Everyone has a website. Sending an email saying “Click on my link” is looked upon as lazy and trying to take a shortcut. We need the information for which we ask you. We can’t spend our time clicking all over the web trying to find it. It’s hard to understand if you’re not on this side of the desk, but we are trying to make yes/no decisions about literally dozens of projects every week (in addition to the workload of taking care of current clients). In order to make these decisions, I need to be able to access the necessary information as expediently as possible.
      *In addition, I need to be able to send your proposal and/or manuscript to my Kindle or iPad, as virtually all agents and editors do. Either that, or print it out to read. Obviously we can’t do that with your website.
      *Are you thinking long-term to when a publishing committee is trying to make a decision about whether to publish your book? In that situation, proposals and manuscripts are distributed to all the appropriate people (the editors, marketing director, sales director, publisher, etc.) so they can read them in advance of the publishing committee meeting, in which they’ll discuss proposals and make decisions. In any given meeting, they could be discussing a dozen different books. Are they expected to be clicking all over the web to learn about each author and each book? No, they need it all in a need, easy-to-read package right in front of them.
      *Also, Carol Ashby’s thoughts are all correct.

      • Betsy Dyson says:

        Hi Rachelle and Carol,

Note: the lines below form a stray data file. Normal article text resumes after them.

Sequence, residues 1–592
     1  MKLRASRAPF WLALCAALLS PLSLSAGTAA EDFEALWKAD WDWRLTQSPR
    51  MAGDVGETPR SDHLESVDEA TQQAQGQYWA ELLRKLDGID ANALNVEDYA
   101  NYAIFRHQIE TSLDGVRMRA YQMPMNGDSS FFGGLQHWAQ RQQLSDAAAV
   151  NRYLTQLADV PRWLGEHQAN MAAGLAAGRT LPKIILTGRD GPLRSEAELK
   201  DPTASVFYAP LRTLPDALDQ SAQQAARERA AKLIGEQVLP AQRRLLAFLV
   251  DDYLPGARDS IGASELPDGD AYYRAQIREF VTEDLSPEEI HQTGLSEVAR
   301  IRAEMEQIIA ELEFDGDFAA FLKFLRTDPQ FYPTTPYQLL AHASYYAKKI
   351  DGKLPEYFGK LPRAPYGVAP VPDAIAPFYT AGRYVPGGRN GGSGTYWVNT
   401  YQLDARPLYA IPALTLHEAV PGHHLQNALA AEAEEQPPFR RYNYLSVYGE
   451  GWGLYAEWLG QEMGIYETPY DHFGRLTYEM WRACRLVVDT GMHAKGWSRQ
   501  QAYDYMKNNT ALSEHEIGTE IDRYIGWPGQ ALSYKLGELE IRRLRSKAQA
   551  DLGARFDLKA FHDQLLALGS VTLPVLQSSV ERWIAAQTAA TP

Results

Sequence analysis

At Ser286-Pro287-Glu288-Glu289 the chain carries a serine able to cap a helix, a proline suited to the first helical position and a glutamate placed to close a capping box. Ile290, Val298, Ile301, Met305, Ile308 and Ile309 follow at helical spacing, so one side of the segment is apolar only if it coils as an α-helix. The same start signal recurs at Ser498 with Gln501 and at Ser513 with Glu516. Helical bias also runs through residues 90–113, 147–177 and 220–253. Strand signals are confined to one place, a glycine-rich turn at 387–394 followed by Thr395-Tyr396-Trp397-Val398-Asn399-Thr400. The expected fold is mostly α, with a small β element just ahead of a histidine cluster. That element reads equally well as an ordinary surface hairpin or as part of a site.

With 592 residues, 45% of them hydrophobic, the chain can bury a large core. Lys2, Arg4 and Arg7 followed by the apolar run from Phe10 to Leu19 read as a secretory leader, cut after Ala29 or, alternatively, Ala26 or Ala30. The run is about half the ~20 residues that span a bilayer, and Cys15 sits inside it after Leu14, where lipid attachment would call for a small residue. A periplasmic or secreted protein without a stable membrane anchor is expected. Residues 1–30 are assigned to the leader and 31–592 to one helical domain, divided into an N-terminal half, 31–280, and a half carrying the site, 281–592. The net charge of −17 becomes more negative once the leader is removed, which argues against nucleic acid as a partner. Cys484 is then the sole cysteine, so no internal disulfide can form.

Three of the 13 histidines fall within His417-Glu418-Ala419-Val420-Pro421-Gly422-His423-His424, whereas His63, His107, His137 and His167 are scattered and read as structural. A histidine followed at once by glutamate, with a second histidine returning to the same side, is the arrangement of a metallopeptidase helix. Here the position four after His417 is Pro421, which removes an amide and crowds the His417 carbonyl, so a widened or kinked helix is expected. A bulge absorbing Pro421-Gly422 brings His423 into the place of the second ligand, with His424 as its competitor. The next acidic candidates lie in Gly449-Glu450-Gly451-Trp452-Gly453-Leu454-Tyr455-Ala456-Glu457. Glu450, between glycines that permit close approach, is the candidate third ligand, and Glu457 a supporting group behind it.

Thank you for your thoughts. Rachelle your comments have helped me understand your side, and what the websites need to make them a viable solution for agents or publishers. With some tweaking the website idea may be the best solution for everyone involved. It will make your life easier, and highlight the creativity of the author. It is down the road a ways, but I think that is where we are headed.

        You said Carol Ashby’s thoughts are correct. She pointed to “evil people” and it sounds like she was worried about virus issues you might pick up from a website. You are sent thousands of email a day, even if it is through your server, any of those transmissions can contain a virus. I am sure your security system will fight off viruses, hackers and anyone else trying to get in your system. Financial institutions are fighting off hundreds of thousands of hacks a day, and yes I said a day! I don’t think the security argument is reasonable, but as a personal computer user myself, as opposed to a business with top end security, I can relate to Carol’s fear!!!

  13. Thanks for this well-timed and valuable post, Rachelle! This was incredibly helpful as I prepare to picth for the first time at the ACFW conference in a few weeks!

  14. Great advice! Thanks so much, Rachelle.

  15. Tisha Martin says:

    Crafting a pitch is one of the hardest things to begin (at least it was for me). Then it becomes much like riding a bicycle. Rachelle, thank you for simplifying!

  16. Pamela Plumley says:

    Question. If I have a storyline, lessons learned, emotional journey, etc, can I write it as Fiction based on fact or should it should stay autobiography?
    I tend to write prose style is why I ask. I have a concept but need guidance. I want to help women through my story.
    It definitely has the elements of fiction, adversity, overcoming, triumph, climax and anti-climax (just when you think it can’t get worse…). Presentation is my question at this point. I came up with an idea for presentation, to be unique, but need true evaluation from other writers. I can’t afford a literary agent. I think I need to find a local Writer’s Club!